The following is an archived copy of a message sent to the CASI Analysis List run by Cambridge Solidarity with Iraq.
Views expressed in this archived message are those of the author, not of Cambridge Solidarity with Iraq (CASI).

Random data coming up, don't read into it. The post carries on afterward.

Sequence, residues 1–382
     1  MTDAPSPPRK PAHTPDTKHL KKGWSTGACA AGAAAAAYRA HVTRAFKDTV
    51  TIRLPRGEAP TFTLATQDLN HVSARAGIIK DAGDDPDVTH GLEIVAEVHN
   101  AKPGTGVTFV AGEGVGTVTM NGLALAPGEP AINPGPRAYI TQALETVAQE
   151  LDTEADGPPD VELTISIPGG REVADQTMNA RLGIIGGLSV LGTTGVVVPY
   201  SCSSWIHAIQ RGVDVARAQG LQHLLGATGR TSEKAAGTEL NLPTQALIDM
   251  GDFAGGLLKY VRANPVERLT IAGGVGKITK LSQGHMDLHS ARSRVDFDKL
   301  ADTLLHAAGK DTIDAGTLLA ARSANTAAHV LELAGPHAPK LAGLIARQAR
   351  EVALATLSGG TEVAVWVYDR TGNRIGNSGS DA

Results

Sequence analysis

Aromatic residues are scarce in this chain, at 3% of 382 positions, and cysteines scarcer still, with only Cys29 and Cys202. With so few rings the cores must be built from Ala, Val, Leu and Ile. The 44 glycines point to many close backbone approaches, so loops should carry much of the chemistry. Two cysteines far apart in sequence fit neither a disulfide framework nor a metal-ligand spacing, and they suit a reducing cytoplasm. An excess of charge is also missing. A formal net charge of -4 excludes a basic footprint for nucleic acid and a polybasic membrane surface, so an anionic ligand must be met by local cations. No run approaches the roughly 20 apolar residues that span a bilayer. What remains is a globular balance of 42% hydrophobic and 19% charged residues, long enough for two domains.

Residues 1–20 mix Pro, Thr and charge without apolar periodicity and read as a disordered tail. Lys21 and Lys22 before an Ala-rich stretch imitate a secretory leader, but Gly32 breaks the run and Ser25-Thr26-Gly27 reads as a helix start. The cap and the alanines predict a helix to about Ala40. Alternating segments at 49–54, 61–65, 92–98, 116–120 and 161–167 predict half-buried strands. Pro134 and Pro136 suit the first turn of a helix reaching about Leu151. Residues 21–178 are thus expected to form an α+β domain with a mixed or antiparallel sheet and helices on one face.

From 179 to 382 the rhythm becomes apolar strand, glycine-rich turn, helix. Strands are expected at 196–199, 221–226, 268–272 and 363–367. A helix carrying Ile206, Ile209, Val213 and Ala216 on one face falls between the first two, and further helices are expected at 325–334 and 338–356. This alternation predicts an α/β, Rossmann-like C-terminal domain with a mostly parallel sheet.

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[ This message has been sent to you via the CASI-analysis mailing list ] Dear all The present dispute as to whether, prior to the emergence of a democratically elected government, Iraq should be ruled by technocrats or by a body in which the different peoples are represented proportionately seems to me to miss the main point - that whatever happens it WON'T be a sovereign government. It won't have control over security or over economic policy. And it will only advance to a democratically elected government if the problem of Kurdish autonomy is sorted out. And no-one yet has a solution for that (I certainly don't. But I do think, with Sistani, that the democratically elected government should come first, before agreement on a final constitution). Even when and if something that could be called a democratic government emerges it is still highly questionable if it will be able to regain control over its own security or economy. Debt and reparations will be enough to keep it in tutelage for the foreseeable future - which is why Justin Alexander's Jubilee Iraq is such a good idea. I wasn't able to go along with it because of the anti-Saddam rhetoric but the issue of the debt is nonetheless fundamental, and relates to what ought to be 'our' issue: the historical effect of sanctions. The world ought to be compensating Iraq for the effect of sanctions. It is difficult to see how Iraq could restore sovereignty without taking a 'revolutionary' path, whether revolutionary nationalist or revolutionary Islamist, Shi'i or Sunni ie repudiating the debt and thus putting itself outside the framework of 'international law'. That is of course a nightmare scenario (think Myanmar and North Korea) but it is the only logical implication of the rhetoric and actions of Moqtada al-Sadr or indeed of Jabbar al-Kubaysi, whom I take to be representative of the nationalist side of the equation. In any case I continue to believe that the 'handover of power' on June 30 should be rejected - the 'international community' should refuse to recognise it as an end to the occupation. The legal status of occupation should continue until such a time as there is a democratically elected and truly sovereign government with the power, whether they choose to exercise it or not, to close US bases, instruct the US to leave the country and bring essential industries under public control. Best Peter www.politicsandtheology.co.uk _______________________________________ Sent via the CASI-analysis mailing list To unsubscribe, visit http://lists.casi.org.uk/mailman/listinfo/casi-analysis All postings are archived on CASI's website at http://www.casi.org.uk